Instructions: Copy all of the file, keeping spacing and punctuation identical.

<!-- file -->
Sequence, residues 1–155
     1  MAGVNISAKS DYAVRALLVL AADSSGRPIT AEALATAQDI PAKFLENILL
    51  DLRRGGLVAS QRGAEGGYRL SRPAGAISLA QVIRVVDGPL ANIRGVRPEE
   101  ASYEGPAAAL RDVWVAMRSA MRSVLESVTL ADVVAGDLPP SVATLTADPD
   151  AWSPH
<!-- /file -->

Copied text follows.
Sequence, residues 1–155
     1  MAGVNISAKS DYAVRALLVL AADSSGRPIT AEALATAQDI PAKFLENILL
    51  DLRRGGLVAS QRGAEGGYRL SRPAGAISLA QVIRVVDGPL ANIRGVRPEE
   101  ASYEGPAAAL RDVWVAMRSA MRSVLESVTL ADVVAGDLPP SVATLTADPD
   151  AWSPH